The Pūhoi to Warkworth (P2W) project recently celebrated 8 million work hours. During the celebrations, the team reflected on the project’s journey and safety learnings.

The Pūhoi to Warkworth (P2W) project recently celebrated 8 million work hours. During the celebrations, the team reflected on the project’s journey and safety learnings.

On a recent visit by Justin Gardiner (Head of Health and Safety) and Olga Lukasiewicz (Southern Region Safety Manager), the P2W team presented their Critical Risk Program. Olga’s feedback was further recognition of the program’s great work.

“The pride the project team has of the safety journey they have been on is clear to see, as is how the integration of the Critical Risk Program has supported the project to gain control over key safety risks,” said Olga.


“The Critical Risk Training platform and tiered inspection groups ensure that safety is incorporated across the entire project and all share the responsibility.


“The project recognises that greater engagement and involvement is achieved by presenting safety messaging using visual aids. The Critical Risk Posters and associated QR codes are effective and well implemented.”


So why ‘Critical Risk’?

At the project’s midpoint, the team realised that safety performance had plateaued and the message needed to change. In July 2022, the project introduced a Critical Risk Framework Program that focuses on tasks that can result in serious harm. The key focus and wording was driven by what can cause significant injury. Nine key risks specific to the project were identified through a combination of project learnings, global industry best practices, and ACCIONA’s vast experience across its projects. The nine risks are Mobile Plant, Working at Height, Cranes and Lifting, Temporary Works, Live Services, Excavations, Live Traffic, Powered Tools and Equipment, and Servicing and Maintenance.

The framework of the Critical Risk Program focuses on a simplified safety system to drive engineering as a minimum for the control and management of all risks.

Rather than penalising staff not following the Critical Risk rules, inspections focused on driving positive two-way discussions with those on the ground. Teams used the discussions as an opportunity to educate and drive change. In many cases, safety improvements are discovered that can be shared with the broader team, and there was a focus on celebrating the positives. The project’s weekly newsletter shares inspection results, highlighting Health and Safety Champions and ‘what good looks like’.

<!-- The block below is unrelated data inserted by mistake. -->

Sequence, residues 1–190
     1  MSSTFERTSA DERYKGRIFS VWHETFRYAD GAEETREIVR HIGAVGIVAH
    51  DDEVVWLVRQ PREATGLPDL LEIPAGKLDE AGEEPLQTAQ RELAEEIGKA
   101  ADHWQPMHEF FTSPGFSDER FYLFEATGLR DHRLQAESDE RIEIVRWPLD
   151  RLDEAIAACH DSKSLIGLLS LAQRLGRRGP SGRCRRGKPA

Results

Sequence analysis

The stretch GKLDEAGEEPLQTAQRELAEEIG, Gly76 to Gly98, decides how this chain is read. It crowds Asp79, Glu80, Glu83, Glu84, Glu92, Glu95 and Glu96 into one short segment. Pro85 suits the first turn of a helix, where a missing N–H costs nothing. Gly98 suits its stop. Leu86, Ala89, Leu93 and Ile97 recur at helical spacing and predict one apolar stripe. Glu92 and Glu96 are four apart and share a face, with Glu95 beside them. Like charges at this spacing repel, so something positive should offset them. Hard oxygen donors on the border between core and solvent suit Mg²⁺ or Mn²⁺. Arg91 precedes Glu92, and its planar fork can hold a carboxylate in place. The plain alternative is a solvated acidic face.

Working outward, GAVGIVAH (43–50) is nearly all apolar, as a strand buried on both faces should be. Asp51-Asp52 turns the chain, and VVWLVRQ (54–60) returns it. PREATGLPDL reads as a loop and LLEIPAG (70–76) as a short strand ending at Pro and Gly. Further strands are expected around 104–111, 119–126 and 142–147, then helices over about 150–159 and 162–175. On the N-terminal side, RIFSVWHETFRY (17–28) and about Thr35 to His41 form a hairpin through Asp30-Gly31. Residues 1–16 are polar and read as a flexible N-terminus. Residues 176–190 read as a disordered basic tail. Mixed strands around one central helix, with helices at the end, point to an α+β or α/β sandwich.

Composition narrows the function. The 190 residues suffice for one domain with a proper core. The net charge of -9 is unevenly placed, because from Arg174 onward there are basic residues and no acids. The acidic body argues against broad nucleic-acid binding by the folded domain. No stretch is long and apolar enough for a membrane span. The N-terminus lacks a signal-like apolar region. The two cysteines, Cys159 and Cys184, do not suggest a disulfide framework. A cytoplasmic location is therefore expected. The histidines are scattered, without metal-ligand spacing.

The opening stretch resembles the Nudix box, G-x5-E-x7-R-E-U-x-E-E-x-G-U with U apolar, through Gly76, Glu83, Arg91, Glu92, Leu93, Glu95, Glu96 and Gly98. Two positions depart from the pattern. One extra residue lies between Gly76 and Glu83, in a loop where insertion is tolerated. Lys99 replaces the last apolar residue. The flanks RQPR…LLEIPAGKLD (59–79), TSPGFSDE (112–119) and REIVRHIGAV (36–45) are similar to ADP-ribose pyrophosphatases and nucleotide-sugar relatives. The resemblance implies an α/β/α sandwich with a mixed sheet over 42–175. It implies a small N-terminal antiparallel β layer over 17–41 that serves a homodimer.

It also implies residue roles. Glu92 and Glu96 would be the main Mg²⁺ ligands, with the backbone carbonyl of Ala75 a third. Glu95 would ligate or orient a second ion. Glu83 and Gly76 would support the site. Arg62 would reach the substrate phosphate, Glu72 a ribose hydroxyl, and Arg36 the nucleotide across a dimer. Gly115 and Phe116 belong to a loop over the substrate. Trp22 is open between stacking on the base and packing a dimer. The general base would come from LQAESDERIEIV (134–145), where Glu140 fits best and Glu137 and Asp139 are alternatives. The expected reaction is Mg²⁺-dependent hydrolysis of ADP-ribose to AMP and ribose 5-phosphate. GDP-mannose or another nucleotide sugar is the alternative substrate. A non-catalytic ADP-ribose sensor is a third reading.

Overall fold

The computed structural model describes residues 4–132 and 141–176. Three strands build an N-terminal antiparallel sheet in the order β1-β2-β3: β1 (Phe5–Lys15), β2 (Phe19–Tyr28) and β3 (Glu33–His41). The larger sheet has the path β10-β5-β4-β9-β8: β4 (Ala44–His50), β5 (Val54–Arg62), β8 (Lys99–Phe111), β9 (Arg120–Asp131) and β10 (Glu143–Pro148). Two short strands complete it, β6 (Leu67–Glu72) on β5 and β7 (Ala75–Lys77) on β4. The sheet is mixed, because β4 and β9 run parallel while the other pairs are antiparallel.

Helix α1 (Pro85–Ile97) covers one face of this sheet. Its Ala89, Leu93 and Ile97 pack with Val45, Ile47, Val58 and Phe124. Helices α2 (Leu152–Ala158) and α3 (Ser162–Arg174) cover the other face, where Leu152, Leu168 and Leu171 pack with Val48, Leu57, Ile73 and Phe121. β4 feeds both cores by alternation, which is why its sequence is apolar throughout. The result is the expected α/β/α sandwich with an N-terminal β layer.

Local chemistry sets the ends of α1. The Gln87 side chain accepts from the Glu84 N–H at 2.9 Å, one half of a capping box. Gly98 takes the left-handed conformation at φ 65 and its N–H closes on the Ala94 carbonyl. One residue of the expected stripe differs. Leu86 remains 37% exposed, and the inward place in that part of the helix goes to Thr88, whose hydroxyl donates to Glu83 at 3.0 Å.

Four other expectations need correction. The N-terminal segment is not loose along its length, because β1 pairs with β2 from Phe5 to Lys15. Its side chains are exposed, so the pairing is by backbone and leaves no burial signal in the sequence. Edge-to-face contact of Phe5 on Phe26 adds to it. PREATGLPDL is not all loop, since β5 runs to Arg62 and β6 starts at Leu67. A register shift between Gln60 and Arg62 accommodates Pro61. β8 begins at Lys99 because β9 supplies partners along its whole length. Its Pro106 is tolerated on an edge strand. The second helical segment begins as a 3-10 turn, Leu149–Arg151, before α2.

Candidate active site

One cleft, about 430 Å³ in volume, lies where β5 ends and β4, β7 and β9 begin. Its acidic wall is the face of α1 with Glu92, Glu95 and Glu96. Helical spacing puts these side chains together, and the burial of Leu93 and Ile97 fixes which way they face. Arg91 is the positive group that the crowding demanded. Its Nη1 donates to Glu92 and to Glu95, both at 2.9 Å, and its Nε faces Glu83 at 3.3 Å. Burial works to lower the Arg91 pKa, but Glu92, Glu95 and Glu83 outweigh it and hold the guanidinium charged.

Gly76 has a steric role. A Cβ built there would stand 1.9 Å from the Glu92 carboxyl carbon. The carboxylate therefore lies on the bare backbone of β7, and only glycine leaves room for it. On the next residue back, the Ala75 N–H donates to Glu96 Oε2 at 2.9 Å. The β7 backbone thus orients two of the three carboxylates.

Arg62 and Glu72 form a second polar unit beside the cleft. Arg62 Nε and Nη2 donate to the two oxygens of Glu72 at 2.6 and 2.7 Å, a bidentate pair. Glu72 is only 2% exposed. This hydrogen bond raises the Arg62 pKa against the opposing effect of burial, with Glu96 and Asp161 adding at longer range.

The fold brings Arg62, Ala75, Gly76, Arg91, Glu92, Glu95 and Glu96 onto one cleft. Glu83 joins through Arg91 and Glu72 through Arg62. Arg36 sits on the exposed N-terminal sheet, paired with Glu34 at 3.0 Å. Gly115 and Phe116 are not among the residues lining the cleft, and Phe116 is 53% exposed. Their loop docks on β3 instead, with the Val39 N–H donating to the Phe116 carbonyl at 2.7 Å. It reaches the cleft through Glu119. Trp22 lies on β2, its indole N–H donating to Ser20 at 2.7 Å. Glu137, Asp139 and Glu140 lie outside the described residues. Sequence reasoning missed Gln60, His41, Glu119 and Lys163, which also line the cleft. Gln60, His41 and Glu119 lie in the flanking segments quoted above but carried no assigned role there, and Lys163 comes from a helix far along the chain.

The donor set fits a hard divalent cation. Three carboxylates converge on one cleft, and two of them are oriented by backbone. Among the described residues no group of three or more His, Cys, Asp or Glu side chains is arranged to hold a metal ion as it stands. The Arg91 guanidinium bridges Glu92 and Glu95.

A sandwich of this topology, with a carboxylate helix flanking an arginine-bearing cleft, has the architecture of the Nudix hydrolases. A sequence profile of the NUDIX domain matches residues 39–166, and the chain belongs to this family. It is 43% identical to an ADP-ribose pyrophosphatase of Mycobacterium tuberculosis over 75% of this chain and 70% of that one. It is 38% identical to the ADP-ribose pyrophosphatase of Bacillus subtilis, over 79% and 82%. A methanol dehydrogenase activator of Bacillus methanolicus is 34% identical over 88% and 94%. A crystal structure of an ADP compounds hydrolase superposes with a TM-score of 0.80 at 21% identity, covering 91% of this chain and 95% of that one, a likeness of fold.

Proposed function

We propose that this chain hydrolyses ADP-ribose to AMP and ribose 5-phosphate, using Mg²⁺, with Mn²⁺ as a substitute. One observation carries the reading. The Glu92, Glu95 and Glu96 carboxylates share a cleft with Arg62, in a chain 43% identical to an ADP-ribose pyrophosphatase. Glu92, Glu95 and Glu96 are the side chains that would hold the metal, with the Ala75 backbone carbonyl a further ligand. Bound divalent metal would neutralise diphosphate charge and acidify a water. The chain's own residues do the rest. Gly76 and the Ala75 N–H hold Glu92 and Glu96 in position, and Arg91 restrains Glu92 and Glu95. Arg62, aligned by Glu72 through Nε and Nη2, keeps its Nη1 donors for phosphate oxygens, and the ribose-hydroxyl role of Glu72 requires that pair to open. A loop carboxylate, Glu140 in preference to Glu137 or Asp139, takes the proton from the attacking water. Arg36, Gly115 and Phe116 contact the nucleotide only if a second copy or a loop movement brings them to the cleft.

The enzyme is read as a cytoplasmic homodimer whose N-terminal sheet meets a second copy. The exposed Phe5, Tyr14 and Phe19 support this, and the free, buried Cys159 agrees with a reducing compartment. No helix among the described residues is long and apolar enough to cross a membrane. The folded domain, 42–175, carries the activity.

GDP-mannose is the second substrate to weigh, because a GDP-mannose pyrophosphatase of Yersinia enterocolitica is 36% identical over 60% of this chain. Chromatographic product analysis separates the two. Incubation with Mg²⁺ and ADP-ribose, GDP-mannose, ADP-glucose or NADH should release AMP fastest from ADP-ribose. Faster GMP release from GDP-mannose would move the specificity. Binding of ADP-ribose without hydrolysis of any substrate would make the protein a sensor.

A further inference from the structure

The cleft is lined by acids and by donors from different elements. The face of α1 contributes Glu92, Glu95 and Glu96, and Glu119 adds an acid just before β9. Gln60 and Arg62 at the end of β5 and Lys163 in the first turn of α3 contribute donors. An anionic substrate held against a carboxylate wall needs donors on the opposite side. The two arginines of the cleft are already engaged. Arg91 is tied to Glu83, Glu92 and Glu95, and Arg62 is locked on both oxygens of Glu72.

The project also promoted a ‘leadership at all levels’ approach to safety. The philosophy was that a worker with five days of experience is a wealth of knowledge for a new starter. This was promoted to develop visible leadership through the teams.

The Health and Safety team developed a half-day Critical Risk Training platform that all staff must complete regardless of role or experience.

Tiered inspection groups were also implemented to incorporate all walks of life for site verifications. The groups are made up of staff from across the project, many of whom are office-based and would not typically experience construction-related health and safety practices in action. This way, the teams gain a greater understanding of the challenges faced by the frontline workforce.

The frontline workforce developed the tools and language to get maximum buy-in to the program, incorporating digital media and pictorial-aided Procedures and SWMS. QR codes were incorporated into all work posters, inspection tools, and safety booklets, allowing workers to access videos on what good looks like.

The improvements through the Critical Risk Program have resulted in an industry-led approach to safety that the wider New Zealand construction industry has recognised.

NZ Safety Manager, Leigh Mehmet, said, “Too often, the safety discipline highlights what’s not right instead of promoting what is right. The New Zealand market is a challenging one from a safety perspective. The benefit ACCIONA brings to NZ is their international experience and safety learnings, which via the Critical Risk Program has been embedded as BAU on Pūhoi and will be utilised on the upcoming Eastern Busway Alliance project.


“We’ve raised our standards through visual learning tools. The project developed a range of ‘what good looks like’ videos that can be accessed site-wide by the frontline workers via QR codes. And visual examples in our work packs and SWMS allow all nationalities – we currently have 37 different nationalities on the project – to quickly understand what’s required.”


Scan the QR code to see how easy it is to utilise technology to communicate safety requirements and digital safety aids.